Going to NO!

30 Mar

Recently in a meeting of managers we were discussing succession.  The discussion was flowing until a person who had been silent bluntly communicated his discontent with the ideas.  Although the meeting staggered on, he essentially killed the conversation.  Later, in a debriefing with a vice-president we discussed how some people seem to be hardwired to “go to NO”.

Ask yourself:  Do I go to NO?  We all do occasionally, but some people seem to be trapped in NO.  They become roadblocks to change and in positions of responsibility they essentially suppress the free flow of ideas.  Therefore they only hear what is safe for others to share with them, rendering them uninformed about what they don’t like – the very information needed to make good decisions.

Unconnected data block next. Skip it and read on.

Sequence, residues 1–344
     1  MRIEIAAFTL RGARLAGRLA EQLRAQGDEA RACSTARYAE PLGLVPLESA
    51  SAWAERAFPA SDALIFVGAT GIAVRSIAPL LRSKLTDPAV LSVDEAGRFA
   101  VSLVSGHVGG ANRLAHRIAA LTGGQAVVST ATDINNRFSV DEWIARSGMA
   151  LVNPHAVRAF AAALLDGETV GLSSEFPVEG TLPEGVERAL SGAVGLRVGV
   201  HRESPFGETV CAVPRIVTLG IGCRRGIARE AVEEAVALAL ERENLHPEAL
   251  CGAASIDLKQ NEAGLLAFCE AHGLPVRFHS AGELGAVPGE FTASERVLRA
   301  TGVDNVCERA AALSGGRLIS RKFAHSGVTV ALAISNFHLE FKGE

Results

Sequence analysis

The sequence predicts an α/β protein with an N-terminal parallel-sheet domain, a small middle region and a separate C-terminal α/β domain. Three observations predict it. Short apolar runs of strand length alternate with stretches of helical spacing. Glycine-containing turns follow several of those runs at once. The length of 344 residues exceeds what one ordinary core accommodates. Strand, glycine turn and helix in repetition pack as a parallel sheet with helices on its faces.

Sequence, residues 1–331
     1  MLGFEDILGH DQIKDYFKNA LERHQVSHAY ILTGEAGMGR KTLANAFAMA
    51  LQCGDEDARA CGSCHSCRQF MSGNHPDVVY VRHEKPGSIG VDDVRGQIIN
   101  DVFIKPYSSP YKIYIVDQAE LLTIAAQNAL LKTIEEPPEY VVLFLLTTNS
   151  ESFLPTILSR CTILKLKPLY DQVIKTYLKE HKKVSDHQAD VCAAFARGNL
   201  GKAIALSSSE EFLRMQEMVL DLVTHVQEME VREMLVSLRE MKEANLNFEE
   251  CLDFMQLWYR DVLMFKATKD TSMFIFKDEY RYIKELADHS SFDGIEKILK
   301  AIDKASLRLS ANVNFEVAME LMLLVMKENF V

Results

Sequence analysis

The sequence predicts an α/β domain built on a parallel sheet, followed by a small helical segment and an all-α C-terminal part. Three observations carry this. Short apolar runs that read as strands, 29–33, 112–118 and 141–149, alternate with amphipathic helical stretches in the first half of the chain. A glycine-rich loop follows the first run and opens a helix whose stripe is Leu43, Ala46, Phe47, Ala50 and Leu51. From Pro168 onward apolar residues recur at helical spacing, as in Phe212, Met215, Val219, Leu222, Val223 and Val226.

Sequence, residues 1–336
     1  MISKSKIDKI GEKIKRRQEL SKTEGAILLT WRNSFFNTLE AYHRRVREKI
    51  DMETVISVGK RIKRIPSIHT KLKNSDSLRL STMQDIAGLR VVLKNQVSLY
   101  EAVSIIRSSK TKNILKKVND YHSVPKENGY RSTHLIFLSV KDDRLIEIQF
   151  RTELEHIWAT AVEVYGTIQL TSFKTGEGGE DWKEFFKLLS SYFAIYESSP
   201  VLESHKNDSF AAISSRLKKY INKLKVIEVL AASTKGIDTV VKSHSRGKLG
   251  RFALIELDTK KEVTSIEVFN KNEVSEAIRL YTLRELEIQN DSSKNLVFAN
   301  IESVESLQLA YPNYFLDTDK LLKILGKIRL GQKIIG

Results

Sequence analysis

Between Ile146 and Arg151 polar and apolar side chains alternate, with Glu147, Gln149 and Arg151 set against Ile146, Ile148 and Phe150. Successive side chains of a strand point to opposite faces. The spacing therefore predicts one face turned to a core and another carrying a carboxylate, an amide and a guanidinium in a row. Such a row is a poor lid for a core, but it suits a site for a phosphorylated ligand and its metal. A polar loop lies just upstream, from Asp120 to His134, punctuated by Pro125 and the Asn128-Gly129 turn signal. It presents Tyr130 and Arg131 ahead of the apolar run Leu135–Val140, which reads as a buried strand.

What to do?  If you work for or with someone who quickly goes to NO, try to feed ideas to them in a context that is safer for them – because they react in a rapid, visceral manner and need time to consider ideas.  Short, carefully crafted memos can do this.

If such a person works for you, one-on-one feedback is essential to help them better accept new ideas.  You may suggest instead of saying NO (in one of it’s many versions) they try “interesting.”  This gives them a graceful way to slow the process that somehow elicits the NO behavior.

Any ideas out there?

Listen to an interview with John on Iowa Public Radio about Beyond Luck

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